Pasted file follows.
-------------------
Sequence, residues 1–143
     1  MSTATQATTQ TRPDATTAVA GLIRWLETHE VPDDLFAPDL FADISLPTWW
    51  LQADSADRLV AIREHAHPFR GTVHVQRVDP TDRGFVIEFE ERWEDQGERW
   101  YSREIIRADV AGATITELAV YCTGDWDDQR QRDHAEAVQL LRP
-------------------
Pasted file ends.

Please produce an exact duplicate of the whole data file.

Sequence, residues 1–143
     1  MSTATQATTQ TRPDATTAVA GLIRWLETHE VPDDLFAPDL FADISLPTWW
    51  LQADSADRLV AIREHAHPFR GTVHVQRVDP TDRGFVIEFE ERWEDQGERW
   101  YSREIIRADV AGATITELAV YCTGDWDDQR QRDHAEAVQL LRP